Creating the 9.8-ton sculpture composed of 2,200 square feet of stainless steel was not so simple. It was made in three pieces over in China and then shipped to the U.S. What baffles Phipps is that it was not sent directly to Florida, but actually went to multiple locations on ship and then by truck before finally arriving here. Then, he said, engineering came into play to put it all together.
Phipps did not begin his journey into art in the abstract realm. His father was a publisher and Phipps fell in love with illustrating political cartoons, the exquisite detail of it. So he has seen what it is to create more realistic forms and what it is to delve into abstract art, and he can say that both are equally challenging. With realism, he said, there is an endpoint, a goal, you know what it will become. With abstract, in contrast, the artwork leads you and knowing when to stop is not always so easy.
Sometimes, he says he often does not see a piece of artwork’s importance until later. “I don’t give it any credence or appreciation until later,” he said. “I don’t have a pre-conceived notion [of art I create.] I didn’t sit down to create a rocket.”
At the event celebrating Rocket, he thanked those who helped make it possible, saying, he was honored his sculpture was part of the Art in Public Places initiative,” adding, “Art has been hugely important in my life. I applaud everybody who worked together to bring this to Boca Raton.”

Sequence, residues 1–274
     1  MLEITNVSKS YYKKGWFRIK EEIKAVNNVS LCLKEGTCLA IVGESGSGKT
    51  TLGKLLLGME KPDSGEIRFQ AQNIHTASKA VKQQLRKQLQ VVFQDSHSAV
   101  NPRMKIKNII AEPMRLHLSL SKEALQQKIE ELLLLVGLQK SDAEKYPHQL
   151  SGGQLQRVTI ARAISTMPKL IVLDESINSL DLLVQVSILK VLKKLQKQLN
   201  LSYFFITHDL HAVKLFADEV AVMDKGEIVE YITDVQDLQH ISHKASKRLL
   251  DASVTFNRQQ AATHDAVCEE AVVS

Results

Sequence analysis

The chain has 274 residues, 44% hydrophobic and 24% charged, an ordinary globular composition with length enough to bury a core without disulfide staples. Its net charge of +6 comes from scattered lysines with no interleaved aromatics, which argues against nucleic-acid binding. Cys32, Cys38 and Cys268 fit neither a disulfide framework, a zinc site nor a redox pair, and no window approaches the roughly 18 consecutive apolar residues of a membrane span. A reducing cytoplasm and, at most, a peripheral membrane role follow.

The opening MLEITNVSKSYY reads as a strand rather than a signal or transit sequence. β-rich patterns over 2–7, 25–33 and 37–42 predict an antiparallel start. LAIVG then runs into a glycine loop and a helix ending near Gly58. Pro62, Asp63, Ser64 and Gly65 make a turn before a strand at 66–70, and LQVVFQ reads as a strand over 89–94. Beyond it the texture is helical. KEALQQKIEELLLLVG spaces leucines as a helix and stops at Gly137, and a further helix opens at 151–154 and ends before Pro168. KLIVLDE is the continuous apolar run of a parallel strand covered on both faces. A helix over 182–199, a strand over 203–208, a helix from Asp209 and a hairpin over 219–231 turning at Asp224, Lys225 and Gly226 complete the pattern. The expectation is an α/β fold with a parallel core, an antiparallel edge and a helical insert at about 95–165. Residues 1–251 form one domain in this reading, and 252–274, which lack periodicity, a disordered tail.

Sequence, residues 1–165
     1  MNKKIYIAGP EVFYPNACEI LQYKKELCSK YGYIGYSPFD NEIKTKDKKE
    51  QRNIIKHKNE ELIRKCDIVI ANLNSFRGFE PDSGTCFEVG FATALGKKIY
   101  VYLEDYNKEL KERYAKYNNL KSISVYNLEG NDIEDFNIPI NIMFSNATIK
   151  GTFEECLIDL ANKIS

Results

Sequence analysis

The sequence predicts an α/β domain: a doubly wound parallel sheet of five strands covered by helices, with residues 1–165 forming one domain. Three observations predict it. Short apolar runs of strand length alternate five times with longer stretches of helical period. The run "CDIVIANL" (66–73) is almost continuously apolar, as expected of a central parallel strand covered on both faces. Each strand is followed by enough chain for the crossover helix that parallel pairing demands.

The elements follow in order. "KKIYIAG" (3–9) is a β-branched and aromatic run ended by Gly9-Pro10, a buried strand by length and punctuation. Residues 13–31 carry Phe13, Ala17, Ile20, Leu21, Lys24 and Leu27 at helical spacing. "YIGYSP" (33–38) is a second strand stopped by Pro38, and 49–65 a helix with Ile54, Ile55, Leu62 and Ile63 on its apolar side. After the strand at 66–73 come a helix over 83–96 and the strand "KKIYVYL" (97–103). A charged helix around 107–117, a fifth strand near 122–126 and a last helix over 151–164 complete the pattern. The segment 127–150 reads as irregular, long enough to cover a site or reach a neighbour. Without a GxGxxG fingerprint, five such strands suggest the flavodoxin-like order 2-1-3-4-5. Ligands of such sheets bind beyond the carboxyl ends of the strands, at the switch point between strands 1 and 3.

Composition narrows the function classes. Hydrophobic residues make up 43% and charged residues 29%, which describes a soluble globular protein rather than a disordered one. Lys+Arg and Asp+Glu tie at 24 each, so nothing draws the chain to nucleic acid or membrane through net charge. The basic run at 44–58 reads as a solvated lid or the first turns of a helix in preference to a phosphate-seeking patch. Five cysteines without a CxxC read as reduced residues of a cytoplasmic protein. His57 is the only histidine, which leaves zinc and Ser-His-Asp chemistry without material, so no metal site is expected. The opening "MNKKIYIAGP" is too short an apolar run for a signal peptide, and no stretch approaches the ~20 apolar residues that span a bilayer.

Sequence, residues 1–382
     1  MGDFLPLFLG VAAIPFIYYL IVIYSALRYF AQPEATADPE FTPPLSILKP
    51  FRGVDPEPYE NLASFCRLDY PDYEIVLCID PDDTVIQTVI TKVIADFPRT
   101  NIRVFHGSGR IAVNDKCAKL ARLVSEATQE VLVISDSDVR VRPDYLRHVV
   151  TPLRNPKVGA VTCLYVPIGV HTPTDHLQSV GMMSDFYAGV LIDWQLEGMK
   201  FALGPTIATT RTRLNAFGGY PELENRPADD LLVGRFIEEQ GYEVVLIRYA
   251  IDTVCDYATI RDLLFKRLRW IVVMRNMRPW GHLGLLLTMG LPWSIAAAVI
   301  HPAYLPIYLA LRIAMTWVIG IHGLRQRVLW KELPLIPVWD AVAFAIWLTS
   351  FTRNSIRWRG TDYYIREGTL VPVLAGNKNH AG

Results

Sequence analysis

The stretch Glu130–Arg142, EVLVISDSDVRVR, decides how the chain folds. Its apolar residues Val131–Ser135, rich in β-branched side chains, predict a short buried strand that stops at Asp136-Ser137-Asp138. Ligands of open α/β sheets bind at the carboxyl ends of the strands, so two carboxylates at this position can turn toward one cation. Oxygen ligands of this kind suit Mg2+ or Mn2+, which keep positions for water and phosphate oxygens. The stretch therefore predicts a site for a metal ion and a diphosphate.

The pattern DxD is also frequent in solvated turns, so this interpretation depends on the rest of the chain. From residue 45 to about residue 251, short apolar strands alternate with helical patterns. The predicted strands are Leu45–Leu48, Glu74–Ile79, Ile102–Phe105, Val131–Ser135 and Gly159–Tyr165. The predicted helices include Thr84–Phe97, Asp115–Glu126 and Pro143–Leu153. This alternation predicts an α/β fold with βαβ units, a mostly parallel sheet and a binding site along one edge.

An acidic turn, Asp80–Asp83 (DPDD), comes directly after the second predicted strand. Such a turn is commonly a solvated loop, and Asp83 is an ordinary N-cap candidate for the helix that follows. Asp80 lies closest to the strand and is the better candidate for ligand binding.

He also talked about his love for aerospace and remembered an experience when he was only 10 years old living with his uncle near Indiantown here in Florida. One night, he heard a rumbling sound outside, a roar, and asked his uncle the next day what it was. His uncle joked that maybe it was cattle stampeding (as the area was filled with mostly cattle and orange groves back then, said Phipps). But, it turned out it was nearby Pratt & Whitney testing rocket engines. He also recalled seeing Neil Armstrong set foot on the moon. That was 1969, the same year the building behind where Rocket now is placed was built.